physical workload. I do not think it's a good idea to take this to your doctor provided the need for
    extra sleep is clearly correlated with a recent significant increase in exercise. If the tiredness
    is causing genuine problems, for example it might not be wise to fall asleep at your job as a lorry
    driver, lathe operator or radio presenter, or sleeping for 14 hours is causing family problems, I
    would scale back the training a bit before seeking medical advice.

    If the sleepiness persists after several weeks, and particularly if you do not feel refreshed after
    a long night's sleep then I would agree with Tony that it's a good idea to have it properly
    investigated.

    Disclaimer: I am not a doctor, just some bloke on the Internet.

    --
    Dave...
     
  8. Tony Raven

    Tony Raven Guest

    In news:[email protected], Dave Kahn <[email protected]> typed:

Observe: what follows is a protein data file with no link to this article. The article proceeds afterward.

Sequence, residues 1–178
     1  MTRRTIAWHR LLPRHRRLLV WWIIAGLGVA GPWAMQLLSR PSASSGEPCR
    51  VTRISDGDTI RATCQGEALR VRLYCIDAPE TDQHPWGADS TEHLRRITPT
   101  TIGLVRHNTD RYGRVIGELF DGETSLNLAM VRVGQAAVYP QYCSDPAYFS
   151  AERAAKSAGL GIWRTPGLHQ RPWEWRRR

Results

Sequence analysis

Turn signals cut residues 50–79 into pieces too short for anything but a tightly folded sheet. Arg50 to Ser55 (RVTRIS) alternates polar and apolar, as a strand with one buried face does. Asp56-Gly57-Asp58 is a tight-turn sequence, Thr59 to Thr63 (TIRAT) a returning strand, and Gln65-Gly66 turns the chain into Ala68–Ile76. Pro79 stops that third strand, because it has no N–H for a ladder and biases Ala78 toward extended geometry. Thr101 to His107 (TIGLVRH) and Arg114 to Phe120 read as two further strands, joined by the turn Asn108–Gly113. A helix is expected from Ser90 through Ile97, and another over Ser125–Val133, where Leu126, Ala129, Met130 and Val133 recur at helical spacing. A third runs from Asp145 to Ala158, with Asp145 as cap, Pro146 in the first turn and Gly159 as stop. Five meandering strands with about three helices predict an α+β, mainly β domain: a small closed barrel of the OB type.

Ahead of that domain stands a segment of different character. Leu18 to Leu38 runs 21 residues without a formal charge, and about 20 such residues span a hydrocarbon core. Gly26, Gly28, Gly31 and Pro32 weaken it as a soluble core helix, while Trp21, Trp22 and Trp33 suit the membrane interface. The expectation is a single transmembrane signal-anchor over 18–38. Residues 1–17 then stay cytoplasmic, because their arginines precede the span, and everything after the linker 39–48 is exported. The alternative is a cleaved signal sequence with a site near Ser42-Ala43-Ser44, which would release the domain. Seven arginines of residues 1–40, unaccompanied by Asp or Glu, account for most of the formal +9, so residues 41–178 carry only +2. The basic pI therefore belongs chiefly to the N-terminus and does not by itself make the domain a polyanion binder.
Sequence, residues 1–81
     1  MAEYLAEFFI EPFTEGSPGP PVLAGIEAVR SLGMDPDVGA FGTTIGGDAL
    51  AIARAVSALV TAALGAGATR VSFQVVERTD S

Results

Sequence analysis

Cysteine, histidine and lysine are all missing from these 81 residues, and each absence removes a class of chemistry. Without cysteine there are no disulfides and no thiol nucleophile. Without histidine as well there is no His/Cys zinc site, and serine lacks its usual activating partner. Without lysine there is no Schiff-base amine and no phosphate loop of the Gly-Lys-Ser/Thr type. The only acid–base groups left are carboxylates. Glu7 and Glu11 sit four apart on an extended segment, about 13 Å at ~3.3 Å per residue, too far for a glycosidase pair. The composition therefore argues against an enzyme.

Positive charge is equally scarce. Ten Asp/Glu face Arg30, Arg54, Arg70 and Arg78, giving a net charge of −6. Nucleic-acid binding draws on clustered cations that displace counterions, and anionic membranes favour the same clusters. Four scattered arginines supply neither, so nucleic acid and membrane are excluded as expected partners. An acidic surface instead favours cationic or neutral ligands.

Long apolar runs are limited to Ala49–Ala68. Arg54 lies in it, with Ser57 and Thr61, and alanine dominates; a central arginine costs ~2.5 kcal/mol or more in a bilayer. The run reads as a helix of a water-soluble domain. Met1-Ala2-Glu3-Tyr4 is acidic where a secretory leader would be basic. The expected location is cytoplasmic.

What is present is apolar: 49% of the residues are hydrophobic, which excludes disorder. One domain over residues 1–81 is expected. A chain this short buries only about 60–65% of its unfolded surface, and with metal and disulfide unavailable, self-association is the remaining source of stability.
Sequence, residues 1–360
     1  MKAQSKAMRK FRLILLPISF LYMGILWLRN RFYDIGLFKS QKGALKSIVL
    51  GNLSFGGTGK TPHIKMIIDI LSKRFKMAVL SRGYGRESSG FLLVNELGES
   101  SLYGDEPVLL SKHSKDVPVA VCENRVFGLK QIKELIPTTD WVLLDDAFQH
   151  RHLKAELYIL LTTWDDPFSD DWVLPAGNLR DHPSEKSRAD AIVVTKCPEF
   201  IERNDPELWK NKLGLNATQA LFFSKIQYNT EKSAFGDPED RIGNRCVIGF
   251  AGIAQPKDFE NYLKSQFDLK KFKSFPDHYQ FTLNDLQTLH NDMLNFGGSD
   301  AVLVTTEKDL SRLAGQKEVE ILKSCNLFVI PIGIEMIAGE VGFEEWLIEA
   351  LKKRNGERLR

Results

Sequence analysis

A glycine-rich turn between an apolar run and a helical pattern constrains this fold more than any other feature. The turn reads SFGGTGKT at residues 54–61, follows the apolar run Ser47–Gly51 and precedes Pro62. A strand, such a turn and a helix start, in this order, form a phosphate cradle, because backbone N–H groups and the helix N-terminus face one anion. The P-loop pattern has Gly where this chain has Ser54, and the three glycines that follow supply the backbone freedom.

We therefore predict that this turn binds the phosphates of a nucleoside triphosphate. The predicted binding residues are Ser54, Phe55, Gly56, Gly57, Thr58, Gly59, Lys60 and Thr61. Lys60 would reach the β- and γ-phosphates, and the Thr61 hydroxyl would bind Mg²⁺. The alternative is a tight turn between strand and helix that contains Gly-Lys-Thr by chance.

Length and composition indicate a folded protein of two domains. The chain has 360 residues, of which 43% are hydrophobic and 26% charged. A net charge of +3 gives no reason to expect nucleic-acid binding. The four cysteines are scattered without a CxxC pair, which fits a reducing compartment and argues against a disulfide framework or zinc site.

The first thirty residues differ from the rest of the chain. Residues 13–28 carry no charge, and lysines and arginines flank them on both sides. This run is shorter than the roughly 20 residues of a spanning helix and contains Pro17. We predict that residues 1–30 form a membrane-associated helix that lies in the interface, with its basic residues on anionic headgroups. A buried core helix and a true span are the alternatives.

> "Tony Raven" <[email protected]> wrote in message
    >
    >
    > If the sleepiness persists after several weeks, and particularly if you do not feel refreshed
    > after a long night's sleep then I would agree with Tony that it's a good idea to have it properly
    > investigated.
    >

    An increase in exercise does take time to adjust to but it can also bring out underlying problems
    that may not manifest themselves strongly in a less active lifestyle - anaemia, diabetes, heart etc.
    Also if you are starting exercise anew its not a bad idea to have a quick checkover from the GP
    first. They generally do not mind so I would suggest its better to have a checkup before you start
    than sometime downstream when problems are persisting.

    Tony

    --
    http://www.raven-family.com

    "All truth goes through three steps: First, it is ridiculed. Second, it is violently opposed.
    Finally, it is accepted as self-evident." Arthur Schopenhauer
     
  9. Danny Colyer

    Danny Colyer Guest

    Tony Raven quoted:
    > Alternatively "There'll be plenty of time to sleep when you're dead" (Anon)